I have news for those who continue to insist that the way to “win” what they apparently think of as the “prize” of independence is by using gentle persuasion and more facts and better answers to lure ‘soft Nos’ towards Yes. The news is that there are no conclusive answers there are no persuasive facts and there are no ‘soft Nos’. If as an activist in the fight to restore Scotland’s independence you are on a quest for herds of soft Nos that can be picked off with well-aimed information and statistics then you are in search of a mythical beast. And even if this beast existed the accuracy of your aim and the quality of your ammunition would not make a difference.
There are no soft Nos out there. By late 2014 or early 2015 the soft No was extinct. The Yes campaign had bagged them all. The polls aren’t moving and haven’t moved in seven years because such campaigning as has been going on was targeting a non-existent constituency with ineffective methods. We know that such campaigning as has been going on was aimed at an absent target and using inadequate ammunition because the polls haven’t moved in seven years.
Advocates of a strategy of gently persuading soft Nos point to the polls at 50% – up from <30% ten years ago – and claim this proves their strategy is effective. I look at the fact that the polls moved from <30% to ~50% in two years prior to the 2014 referendum but not at all in the seven years since and I conclude that the gentle persuasion strategy used to work; that it worked at one time but that time is past. It worked while the pond we were fishing in was well stocked with soft Nos. It ceased to work when the shoals of soft Nos became depleted.
There are no soft Nos! The best we can hope for is a few al dente Nos in amongst all the Nos of various hardnesses.
It wasn’t facts and answers which killed off the supply of soft Nos. Some of it may have helped to some extent in some cases. But it was not what put those additional 20 points on the Yes polling. People don’t vote on the basis of what they know, they vote according to what they feel. They like to pretend that their choices are highly rational. They will cite facts and answers to show how rational their decision-making process is. But generally speaking, this is a post hoc rationalisation of a choice made on the basis of emotion. The Yes campaign made those soft Nos feel good about themselves and positive about Scotland and maybe a wee bit angry at Unionists. The Yes campaign reached the ’90-minute nationalist’ that loiters somewhere in the soul of every Scot. It inspired those who were receptive to this kind of appeal. All those facts and answers merely provided a fig-leaf of reason to cover the nakedness of an emotional choice.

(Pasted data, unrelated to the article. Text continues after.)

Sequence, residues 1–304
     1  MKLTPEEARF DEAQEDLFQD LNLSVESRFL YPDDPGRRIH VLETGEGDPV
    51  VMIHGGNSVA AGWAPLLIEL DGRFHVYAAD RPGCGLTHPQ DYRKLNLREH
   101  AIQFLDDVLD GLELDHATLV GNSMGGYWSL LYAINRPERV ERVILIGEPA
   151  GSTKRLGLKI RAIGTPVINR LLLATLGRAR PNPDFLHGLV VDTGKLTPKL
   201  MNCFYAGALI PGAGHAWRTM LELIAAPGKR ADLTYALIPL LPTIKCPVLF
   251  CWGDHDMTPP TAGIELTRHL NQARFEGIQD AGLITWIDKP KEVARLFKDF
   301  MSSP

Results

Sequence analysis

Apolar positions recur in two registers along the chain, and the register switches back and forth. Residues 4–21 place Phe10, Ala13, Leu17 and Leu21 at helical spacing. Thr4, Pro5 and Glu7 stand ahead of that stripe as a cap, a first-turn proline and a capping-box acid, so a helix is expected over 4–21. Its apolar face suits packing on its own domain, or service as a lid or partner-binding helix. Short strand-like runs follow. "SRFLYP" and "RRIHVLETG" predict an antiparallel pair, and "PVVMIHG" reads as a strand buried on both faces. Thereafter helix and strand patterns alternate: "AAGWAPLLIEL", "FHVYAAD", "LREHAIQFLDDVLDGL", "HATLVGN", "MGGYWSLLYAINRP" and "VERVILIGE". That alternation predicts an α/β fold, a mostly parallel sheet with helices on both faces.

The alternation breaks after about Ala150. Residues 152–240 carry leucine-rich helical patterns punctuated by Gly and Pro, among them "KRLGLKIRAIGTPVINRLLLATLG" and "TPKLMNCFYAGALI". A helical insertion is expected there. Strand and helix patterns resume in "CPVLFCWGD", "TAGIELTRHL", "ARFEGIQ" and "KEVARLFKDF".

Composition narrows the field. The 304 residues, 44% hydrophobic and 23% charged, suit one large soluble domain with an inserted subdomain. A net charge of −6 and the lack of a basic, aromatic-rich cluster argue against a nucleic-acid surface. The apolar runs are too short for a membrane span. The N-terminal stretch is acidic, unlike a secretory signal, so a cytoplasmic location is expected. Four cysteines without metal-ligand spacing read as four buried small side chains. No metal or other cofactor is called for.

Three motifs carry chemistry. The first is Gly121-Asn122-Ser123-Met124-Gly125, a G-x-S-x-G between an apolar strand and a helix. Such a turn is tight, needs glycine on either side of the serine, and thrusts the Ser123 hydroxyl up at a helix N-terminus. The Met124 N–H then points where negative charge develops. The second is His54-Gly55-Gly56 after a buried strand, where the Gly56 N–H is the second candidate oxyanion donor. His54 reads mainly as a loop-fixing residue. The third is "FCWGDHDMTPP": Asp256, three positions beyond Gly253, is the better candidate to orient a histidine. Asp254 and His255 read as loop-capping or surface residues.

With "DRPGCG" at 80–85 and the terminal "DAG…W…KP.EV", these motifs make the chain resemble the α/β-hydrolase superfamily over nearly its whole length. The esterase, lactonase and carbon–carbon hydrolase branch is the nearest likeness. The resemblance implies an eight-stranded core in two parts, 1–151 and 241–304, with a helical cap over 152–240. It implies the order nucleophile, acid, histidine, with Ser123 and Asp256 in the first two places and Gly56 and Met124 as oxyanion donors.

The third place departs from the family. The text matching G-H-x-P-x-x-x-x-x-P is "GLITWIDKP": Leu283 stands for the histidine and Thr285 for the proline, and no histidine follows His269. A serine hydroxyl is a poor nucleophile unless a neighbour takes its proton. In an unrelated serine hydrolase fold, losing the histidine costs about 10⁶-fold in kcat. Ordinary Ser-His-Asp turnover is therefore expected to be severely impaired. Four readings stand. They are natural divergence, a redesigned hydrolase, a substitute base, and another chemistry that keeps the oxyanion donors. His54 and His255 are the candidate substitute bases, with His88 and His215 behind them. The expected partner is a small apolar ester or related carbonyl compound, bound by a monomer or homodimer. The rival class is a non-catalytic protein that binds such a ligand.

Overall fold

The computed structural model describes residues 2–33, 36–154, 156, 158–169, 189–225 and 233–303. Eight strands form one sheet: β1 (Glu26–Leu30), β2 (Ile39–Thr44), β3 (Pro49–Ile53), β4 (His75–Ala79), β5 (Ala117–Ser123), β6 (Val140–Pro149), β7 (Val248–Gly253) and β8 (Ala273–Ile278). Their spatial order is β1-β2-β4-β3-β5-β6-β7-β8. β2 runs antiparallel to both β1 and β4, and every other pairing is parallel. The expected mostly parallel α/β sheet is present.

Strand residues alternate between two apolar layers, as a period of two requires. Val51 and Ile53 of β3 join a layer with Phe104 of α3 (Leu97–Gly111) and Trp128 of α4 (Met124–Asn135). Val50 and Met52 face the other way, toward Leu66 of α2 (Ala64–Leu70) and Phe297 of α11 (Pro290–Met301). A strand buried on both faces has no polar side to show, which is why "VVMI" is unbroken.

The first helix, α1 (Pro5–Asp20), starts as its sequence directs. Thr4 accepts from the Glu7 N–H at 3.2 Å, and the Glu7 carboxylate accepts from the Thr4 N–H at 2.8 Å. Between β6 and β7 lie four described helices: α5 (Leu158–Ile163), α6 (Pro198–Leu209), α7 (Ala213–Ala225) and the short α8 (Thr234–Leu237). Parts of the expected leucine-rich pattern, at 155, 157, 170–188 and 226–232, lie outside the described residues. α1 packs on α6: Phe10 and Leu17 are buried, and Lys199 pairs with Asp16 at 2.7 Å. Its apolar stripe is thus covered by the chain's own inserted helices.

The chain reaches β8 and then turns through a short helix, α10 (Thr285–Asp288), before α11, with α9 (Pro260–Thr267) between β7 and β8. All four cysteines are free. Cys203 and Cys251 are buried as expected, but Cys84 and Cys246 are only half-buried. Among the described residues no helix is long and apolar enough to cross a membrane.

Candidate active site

Exactly the same applies to those soft Nos who might be better thought of as soft Yes. The ones that got away. The fish that ended up in the hold of the factory ship ‘Better Together’. They too voted what they felt and not what they thought they knew. They used the output of the British propaganda machine to rationalise their emotional choice in the same way as those soft Nos who were tipped in the direction of Yes used the ‘vision’ of a better, fairer, greener Scotland to justify their choice. (Or one of the ‘visions’. There were hundreds of them. That was part of the problem.)
The reason No won the 2014 referendum is that they had the easy job of creating or exacerbating the doubts to which all humans are susceptible while Yes had the near-impossible task of ‘making a case’ for independence almost entirely based on elusive, ephemeral economic ‘data’. If ever there was a field of human study that lends itself to the creation or exacerbation of doubt it is the dismal science. How do you think economics came to be known thus?
No had a massive advantage from the outset because of the way the issue was framed – making independence the contentious proposition rather than the Union. We cannot and must not blame then First Minister Alex Salmond for this. In many ways he was caught on the hop by the outcome of the 2011 election and was obliged to pretty much take whatever he could get. That he got so much is a testament to his skill and determination. We should never forget what that man did for Scotland’s cause. Those who have should hang their heads in shame.